Kirstie Clements: Younger crowd rewrites racewear’s staid rules

A glamorous crowd, dressed to the nines – and packed to the rafters – at Randwick last Saturday.

A glamorous crowd, dressed to the nines – and packed to the rafters – at Randwick last Saturday. Photo: Getty

Spring racing season is upon us and I had my first glimpse of what people are wearing to the races last week at the Everest Raceday at Randwick, in Sydney.

I thought that many people had been put off horse racing, with its issues around animal cruelty and gambling in general, but not so.

The racecourse was packed on a beautiful, balmy Sydney Saturday, full of very young and glamorous men and women, all dressed to the nines.

Racing has long been aligned with fashion, marketed as an exciting social venue and chance to dress up, look fabulous and potentially meet someone in real time. That messaging clearly worked.

When I was a magazine editor I spent many, many race days judging fashion winners, either for Fashions On the Field at Flemington or for various best-dressed competitions across Australia. It was a highly polarising challenge, and rather more often “Dear God, what were they thinking?” than “that person looks fantastic”.

To be fair, it’s hard to get racewear right. Even the most fashion forward person has to understand balance, silhouette and proportion, knowing what hat and which shoe compliments what outfit.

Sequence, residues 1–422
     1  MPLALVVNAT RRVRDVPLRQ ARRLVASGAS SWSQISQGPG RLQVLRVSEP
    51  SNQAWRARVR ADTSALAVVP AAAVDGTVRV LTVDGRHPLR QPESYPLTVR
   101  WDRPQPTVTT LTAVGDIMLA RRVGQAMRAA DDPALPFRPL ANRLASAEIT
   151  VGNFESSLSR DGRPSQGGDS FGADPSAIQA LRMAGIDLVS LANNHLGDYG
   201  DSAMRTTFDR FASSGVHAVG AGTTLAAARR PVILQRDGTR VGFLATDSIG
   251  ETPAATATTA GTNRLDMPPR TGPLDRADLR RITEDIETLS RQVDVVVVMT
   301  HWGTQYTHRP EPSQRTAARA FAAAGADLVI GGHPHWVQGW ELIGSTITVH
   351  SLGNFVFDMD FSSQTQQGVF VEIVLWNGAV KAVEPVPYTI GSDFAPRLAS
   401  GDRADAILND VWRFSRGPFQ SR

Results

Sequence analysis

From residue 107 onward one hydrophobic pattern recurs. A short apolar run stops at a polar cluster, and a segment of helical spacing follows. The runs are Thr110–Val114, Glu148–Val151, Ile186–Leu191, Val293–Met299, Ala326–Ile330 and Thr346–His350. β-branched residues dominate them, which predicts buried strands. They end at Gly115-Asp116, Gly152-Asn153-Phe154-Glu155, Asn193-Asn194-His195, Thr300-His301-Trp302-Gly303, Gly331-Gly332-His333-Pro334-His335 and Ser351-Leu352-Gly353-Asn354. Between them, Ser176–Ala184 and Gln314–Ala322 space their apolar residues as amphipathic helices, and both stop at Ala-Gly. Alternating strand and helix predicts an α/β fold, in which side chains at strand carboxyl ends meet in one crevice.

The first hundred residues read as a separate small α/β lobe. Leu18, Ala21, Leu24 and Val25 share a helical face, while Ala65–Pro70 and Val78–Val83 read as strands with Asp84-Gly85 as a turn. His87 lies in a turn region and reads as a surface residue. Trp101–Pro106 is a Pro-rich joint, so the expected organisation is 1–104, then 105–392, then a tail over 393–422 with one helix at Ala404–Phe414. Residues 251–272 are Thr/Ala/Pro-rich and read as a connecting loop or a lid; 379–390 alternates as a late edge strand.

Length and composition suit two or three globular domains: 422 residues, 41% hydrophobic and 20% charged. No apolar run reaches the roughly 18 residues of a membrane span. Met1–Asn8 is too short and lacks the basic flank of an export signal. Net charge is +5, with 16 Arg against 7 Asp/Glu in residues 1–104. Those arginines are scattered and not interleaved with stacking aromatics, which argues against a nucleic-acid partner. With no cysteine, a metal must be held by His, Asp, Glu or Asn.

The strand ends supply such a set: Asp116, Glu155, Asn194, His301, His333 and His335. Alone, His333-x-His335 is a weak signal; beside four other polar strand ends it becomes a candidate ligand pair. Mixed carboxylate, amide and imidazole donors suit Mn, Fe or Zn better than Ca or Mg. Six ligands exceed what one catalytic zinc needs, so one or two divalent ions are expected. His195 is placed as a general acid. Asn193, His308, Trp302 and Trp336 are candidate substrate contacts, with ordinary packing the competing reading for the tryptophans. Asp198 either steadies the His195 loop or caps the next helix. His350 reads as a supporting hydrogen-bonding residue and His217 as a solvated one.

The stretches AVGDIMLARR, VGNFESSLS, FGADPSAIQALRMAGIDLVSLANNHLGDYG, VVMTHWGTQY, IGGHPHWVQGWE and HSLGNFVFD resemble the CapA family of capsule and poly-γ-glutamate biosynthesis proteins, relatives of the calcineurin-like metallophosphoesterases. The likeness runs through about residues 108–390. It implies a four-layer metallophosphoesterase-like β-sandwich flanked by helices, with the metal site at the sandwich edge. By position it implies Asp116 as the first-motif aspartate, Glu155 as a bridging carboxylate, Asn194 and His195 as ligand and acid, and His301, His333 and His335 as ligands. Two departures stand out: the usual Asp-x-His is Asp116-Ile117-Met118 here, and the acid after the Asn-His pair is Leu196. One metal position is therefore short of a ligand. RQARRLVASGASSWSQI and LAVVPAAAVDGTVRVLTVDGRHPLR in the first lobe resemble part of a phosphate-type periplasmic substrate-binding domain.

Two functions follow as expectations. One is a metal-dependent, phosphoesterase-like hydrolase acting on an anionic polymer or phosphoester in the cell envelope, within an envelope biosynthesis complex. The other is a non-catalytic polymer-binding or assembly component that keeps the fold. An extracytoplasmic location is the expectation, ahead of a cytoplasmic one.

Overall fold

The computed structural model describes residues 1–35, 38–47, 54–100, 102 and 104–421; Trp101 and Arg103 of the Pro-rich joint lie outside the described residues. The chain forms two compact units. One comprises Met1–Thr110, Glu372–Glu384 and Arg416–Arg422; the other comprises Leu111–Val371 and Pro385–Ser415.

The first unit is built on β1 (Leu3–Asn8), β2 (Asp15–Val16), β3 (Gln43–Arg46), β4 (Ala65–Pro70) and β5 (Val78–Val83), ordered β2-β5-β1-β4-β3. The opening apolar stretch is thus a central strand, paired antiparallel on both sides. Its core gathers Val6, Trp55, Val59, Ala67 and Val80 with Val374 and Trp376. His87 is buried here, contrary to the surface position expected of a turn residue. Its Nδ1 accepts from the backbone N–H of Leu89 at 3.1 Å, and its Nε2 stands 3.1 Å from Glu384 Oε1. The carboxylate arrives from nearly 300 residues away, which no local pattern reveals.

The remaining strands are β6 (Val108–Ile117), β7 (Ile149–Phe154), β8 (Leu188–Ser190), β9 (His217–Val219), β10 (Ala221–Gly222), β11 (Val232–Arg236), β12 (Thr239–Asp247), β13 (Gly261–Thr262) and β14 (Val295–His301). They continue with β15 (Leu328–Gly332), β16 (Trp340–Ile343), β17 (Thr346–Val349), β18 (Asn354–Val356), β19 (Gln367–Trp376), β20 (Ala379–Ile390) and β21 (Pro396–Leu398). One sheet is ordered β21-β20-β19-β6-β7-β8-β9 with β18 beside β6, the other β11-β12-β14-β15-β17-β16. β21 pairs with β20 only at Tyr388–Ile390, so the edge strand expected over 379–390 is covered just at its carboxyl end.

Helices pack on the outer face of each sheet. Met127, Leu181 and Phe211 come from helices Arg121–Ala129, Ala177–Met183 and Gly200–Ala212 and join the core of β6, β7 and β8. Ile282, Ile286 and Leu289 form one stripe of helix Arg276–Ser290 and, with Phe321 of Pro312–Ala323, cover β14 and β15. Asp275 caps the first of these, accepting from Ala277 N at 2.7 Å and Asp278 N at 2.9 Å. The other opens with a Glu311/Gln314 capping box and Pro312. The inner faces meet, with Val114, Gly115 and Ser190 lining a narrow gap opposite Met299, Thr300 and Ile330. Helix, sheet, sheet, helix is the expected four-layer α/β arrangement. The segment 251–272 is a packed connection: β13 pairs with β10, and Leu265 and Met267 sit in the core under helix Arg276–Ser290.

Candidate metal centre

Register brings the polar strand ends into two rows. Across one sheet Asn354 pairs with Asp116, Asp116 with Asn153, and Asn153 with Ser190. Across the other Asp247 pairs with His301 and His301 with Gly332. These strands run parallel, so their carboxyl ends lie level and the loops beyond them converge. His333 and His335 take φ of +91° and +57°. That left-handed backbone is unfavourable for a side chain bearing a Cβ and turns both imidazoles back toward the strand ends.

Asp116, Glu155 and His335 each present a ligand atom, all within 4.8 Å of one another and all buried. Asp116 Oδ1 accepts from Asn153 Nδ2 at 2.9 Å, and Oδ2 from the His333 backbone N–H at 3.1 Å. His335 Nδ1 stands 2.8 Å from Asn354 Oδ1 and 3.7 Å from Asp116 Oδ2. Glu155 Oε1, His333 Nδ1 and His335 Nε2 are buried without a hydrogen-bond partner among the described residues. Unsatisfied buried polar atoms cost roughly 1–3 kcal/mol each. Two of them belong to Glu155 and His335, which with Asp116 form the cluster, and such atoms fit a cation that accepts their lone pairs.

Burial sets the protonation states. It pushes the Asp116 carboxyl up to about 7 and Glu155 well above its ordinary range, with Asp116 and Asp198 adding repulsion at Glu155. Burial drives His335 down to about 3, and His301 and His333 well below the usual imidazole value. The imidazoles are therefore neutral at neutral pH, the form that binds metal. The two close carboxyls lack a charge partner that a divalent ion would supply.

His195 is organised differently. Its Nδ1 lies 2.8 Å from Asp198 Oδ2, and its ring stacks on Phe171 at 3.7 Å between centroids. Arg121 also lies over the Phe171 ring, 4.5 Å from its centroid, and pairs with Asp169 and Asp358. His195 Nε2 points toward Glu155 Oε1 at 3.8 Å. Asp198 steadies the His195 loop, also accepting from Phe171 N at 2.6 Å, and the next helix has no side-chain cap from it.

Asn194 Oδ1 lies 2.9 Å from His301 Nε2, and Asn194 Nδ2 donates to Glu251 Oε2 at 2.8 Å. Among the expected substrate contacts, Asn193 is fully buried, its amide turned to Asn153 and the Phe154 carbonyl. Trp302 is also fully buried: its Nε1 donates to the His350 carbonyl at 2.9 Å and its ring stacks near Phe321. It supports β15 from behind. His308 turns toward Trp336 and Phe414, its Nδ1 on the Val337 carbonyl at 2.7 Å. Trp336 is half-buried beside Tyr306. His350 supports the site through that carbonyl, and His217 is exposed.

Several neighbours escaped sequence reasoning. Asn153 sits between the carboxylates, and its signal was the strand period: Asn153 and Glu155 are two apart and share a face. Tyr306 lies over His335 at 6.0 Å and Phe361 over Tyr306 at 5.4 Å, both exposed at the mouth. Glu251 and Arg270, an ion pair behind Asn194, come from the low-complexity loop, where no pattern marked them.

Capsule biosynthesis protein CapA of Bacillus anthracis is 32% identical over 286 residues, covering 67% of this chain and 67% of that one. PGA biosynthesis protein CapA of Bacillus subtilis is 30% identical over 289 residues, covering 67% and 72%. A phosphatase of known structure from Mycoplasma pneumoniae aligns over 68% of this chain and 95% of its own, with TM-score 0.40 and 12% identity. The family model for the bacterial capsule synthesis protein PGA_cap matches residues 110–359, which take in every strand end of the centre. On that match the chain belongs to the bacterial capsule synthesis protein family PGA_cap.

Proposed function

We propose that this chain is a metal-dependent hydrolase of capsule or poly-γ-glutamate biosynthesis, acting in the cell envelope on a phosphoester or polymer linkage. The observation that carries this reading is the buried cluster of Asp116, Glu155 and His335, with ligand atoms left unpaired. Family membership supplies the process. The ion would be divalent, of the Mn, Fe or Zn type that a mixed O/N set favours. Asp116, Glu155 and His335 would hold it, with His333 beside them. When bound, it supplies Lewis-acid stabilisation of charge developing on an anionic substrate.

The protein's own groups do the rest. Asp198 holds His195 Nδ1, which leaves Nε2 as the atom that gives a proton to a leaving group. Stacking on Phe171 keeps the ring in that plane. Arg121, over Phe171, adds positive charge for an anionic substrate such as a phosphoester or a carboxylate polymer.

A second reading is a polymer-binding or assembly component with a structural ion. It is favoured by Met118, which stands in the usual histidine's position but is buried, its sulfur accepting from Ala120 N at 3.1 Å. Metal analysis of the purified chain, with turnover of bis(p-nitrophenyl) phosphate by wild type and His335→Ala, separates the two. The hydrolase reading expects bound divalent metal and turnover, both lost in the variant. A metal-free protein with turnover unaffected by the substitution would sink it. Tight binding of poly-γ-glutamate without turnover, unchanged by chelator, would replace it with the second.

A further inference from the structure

Interestingly, the younger crowd has thrown away the rule book when it comes to old idea of “race-appropriate” dressing. Most of the young women at Randwick were wearing ankle-length, body-conscious dresses, either slip dresses or strapless, in solid colours and with high-heeled summer sandals.

Out with the old rules

What was most noticeable was the complete lack of millinery and headwear, with most of them wearing their hair long, straight and shiny.

It was the same styling for those who chose to wear short dresses, just beautiful natural hair and lots of tanned, glowing skin. It feels like they might be choosing to re-wear their school formal dresses for the racing season, which makes a great deal of sense.

The guys in general, looked brilliant, with many choosing not to even wear a jacket, just a great pair of skinny-tailored suit pants and a white shirt, with great sunglasses and more than a few designer mullets. Blue was the couleur du jour in suiting, no question.

I was seated with the style editor of the Sydney Morning Herald, Damien Woolnough, and he and I discussed how refreshing it is to see the new generation of race-goers eschew the traditional rules and dress the way they feel most comfortable.


No headwear and form-fitting frocks – the new-look racing crowd. Photo: Getty

It’s much more stylish when people dress as they want, rather than forcing a look. That’s where the trouble starts – and then you get tizzy cocktail dresses and ugly hats and suits that don’t fit.

Racing royalty Kate Waterhouse was also at our table, and she looked sublime as usual, in a silk, striped mini dress with a veiled fascinator in pale blue. It’s an art to wear racewear as well as Kate does, but largely, the game has been upped by the under-25s.

Damien and I did clock a couple of fashion no-noes: If you’ve just had a cupping session and your back is covered in red welts, it’s probably best not to wear a strappy, backless dress. And maybe don’t get fall-down drunk in broad daylight, no matter how nice your outfit.

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